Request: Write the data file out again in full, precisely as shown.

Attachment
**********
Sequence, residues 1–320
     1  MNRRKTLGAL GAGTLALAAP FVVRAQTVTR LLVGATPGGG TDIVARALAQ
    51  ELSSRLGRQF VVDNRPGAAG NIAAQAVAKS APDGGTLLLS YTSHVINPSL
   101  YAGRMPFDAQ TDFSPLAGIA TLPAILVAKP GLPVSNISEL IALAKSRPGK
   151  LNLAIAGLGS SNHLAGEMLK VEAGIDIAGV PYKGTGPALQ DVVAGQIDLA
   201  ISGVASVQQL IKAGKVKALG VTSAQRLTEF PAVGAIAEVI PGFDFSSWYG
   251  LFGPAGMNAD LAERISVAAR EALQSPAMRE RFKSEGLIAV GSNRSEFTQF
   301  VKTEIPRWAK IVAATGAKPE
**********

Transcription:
Sequence, residues 1–320
     1  MNRRKTLGAL GAGTLALAAP FVVRAQTVTR LLVGATPGGG TDIVARALAQ
    51  ELSSRLGRQF VVDNRPGAAG NIAAQAVAKS APDGGTLLLS YTSHVINPSL
   101  YAGRMPFDAQ TDFSPLAGIA TLPAILVAKP GLPVSNISEL IALAKSRPGK
   151  LNLAIAGLGS SNHLAGEMLK VEAGIDIAGV PYKGTGPALQ DVVAGQIDLA
   201  ISGVASVQQL IKAGKVKALG VTSAQRLTEF PAVGAIAEVI PGFDFSSWYG
   251  LFGPAGMNAD LAERISVAAR EALQSPAMRE RFKSEGLIAV GSNRSEFTQF
   301  VKTEIPRWAK IVAATGAKPE